As protecting intellectual property becomes increasingly important, labels containing security features will be in higher demand.
By Michelle Sartor
Creating labels with measures to deter counterfeiting and authenticate products is a growing segment of the converting industry. Recent news stories like the one about potentially harmful counterfeit toothpaste bring the topic to both brand owners’ and consumers’ attention. Ensuring that the proper items make it to store shelves and consumer homes is important to brand owners whose businesses can suffer greatly with a decrease in consumer confidence.
A label for the suntan product Maui Chic containing a variety of security measures from members of the Brand Protection Alliance. Photo courtesy of Gallus.
One organization dedicated to providing security solutions is the Brand Protection Alliance (BPA). Lynn Crutchfield, president of Acucote Inc., a company that provides papers and films for self-adhesive labeling applications in Graham, NC, USA, came up with the idea for the BPA and is currently its chairman. He saw the issue of brand protection as complex and that it was difficult for a single company to bring a viable solution to brand owners. “I stepped out to friends of mine in the industry who were engaged in small amounts of brand protection offerings and started banding together a group to take a variety of options to brand owners,” Crutchfield explains. He put the corporation together two and a half years ago.
The BPA currently has 13 members and accepts new members as appropriate. Crutchfield says, “We tend to look across our spectrum of products and services and find missing pieces. We go out and solicit companies that can fill those voids. We try to eliminate duplication of effort wherever possible. We’re not a trade association in a traditional sense. We don’t need 15 ink suppliers or five pressure sensitive suppliers. We want the best in class in every category.”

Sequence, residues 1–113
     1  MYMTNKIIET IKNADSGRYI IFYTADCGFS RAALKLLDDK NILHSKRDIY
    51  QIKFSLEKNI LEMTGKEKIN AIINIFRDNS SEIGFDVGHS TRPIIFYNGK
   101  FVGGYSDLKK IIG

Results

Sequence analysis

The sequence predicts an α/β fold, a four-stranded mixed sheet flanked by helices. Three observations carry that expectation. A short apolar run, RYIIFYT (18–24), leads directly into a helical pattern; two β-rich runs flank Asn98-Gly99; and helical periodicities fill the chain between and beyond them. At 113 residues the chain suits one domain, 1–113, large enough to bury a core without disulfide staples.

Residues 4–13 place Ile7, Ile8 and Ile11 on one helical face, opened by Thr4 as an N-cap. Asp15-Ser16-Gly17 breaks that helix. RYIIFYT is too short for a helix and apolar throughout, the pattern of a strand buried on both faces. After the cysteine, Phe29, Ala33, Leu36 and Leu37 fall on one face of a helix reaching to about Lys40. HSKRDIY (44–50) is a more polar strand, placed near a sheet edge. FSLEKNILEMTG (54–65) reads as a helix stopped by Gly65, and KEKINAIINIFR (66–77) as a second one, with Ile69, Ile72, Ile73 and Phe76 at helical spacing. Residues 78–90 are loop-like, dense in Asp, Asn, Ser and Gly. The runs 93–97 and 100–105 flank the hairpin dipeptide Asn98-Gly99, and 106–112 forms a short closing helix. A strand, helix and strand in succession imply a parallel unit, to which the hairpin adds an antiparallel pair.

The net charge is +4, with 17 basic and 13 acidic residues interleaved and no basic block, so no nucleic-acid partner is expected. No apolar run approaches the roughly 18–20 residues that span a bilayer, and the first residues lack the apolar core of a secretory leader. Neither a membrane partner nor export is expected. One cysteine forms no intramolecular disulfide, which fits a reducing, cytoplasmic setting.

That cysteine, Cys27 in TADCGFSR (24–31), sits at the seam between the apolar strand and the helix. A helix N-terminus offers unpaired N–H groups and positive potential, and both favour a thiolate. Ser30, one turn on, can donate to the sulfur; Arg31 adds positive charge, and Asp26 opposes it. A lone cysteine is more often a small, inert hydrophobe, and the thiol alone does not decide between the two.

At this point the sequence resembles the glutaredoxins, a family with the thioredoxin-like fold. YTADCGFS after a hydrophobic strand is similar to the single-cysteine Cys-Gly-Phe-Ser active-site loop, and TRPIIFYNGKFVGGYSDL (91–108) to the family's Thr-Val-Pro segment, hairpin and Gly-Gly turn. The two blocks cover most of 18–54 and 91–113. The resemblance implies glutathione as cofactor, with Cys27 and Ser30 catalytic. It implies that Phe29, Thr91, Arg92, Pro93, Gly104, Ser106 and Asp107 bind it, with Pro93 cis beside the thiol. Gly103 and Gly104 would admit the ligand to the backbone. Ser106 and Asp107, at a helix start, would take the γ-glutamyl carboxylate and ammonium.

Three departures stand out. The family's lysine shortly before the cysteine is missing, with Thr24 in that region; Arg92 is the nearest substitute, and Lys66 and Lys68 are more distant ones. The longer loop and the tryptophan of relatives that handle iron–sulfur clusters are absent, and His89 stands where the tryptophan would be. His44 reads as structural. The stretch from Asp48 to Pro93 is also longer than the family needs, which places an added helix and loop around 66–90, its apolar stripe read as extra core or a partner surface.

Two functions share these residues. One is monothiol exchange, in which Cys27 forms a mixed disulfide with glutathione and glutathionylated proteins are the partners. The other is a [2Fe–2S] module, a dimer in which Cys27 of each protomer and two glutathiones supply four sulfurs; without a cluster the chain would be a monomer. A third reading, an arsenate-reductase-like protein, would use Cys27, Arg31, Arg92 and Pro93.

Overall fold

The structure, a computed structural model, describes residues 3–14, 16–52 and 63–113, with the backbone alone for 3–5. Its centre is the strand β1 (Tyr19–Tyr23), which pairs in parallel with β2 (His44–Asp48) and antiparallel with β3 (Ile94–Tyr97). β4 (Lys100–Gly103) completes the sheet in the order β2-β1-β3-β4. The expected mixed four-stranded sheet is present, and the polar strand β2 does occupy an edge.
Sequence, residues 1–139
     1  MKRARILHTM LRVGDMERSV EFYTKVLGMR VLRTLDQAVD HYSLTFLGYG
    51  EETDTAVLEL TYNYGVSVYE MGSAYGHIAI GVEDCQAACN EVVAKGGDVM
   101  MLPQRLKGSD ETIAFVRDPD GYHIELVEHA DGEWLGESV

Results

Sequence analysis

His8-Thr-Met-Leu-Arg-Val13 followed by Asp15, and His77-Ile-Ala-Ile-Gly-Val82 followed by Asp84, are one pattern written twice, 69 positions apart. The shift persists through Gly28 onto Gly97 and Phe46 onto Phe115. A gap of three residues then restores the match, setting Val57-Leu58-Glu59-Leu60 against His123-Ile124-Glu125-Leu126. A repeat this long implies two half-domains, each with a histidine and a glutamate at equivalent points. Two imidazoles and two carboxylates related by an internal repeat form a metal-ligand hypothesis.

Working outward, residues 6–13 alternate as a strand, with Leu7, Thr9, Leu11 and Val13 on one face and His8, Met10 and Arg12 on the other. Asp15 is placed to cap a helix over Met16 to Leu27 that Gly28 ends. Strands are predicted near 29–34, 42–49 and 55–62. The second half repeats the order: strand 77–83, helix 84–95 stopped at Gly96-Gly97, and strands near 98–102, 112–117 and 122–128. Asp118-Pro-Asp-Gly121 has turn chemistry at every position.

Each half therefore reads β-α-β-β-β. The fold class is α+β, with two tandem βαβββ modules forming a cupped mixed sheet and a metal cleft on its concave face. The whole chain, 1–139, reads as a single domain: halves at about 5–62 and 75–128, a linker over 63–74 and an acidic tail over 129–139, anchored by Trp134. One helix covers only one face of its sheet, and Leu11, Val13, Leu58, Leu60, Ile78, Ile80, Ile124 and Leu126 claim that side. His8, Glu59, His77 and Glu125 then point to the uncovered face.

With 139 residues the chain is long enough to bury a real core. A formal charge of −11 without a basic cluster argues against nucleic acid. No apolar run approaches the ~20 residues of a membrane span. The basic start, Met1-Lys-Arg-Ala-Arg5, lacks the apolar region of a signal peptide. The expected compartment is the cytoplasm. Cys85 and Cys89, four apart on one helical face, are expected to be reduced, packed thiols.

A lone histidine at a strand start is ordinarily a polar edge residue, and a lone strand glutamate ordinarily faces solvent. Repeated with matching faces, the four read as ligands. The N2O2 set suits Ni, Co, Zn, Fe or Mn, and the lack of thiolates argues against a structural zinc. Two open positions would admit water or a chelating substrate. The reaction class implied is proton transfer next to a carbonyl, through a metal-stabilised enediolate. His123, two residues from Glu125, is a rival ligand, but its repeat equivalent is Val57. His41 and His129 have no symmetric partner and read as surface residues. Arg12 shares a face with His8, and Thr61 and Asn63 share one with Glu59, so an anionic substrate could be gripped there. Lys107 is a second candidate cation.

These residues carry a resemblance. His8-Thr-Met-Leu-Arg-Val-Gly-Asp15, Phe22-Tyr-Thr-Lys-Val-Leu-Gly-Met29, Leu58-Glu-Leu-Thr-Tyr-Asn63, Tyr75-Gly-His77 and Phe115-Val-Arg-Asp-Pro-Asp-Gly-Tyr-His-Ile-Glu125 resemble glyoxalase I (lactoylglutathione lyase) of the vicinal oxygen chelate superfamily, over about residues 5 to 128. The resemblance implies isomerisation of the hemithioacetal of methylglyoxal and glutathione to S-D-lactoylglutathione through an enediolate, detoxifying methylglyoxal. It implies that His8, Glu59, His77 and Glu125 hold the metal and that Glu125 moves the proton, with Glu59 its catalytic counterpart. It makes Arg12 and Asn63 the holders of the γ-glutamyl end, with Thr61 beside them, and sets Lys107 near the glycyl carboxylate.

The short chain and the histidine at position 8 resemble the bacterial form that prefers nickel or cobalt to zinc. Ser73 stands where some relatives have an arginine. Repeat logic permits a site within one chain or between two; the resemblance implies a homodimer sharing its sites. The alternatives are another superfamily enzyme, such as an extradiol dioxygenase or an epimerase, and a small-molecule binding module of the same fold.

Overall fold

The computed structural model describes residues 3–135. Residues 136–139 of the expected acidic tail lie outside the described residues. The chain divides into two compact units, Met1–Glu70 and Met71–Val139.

For now, the BPA is mainly involved in education. Crutchfield says, “We’re invited to a lot of conferences and industry meetings. Our job is to increase knowledge of intellectual property theft. Eighty percent of our work is still done in the educational/awareness arena.”
Types of security
There are a variety of ways to help brand owners protect their products. Three general categories of security are overt, covert and forensic. Overt refers to those measures that can be seen by consumers, such as holograms. Covert features are not easily detected by those who don’t know what to look for, but they can usually be found with readily available devices (for example, taggants). Forensic measures are the most complex and include methods like DNA that often require sophisticated verification systems. A combination of two or more security features is often recommended for maximum brand protection.
A variety of security labeling measures are available today. Which are most common? Robert Sherwood, VP of security programs management for Sekuworks, a company involved with brand protection and product authentication in Harrison, OH, USA, says, “I believe holograms are most widely used due to their early adoption about 25 years ago and now the public’s feeling that they do the job. Taggants, as a general category, may be second because there are many choices and they are covert. Companies can tag their products in many ways and not have to alter the look of the package.”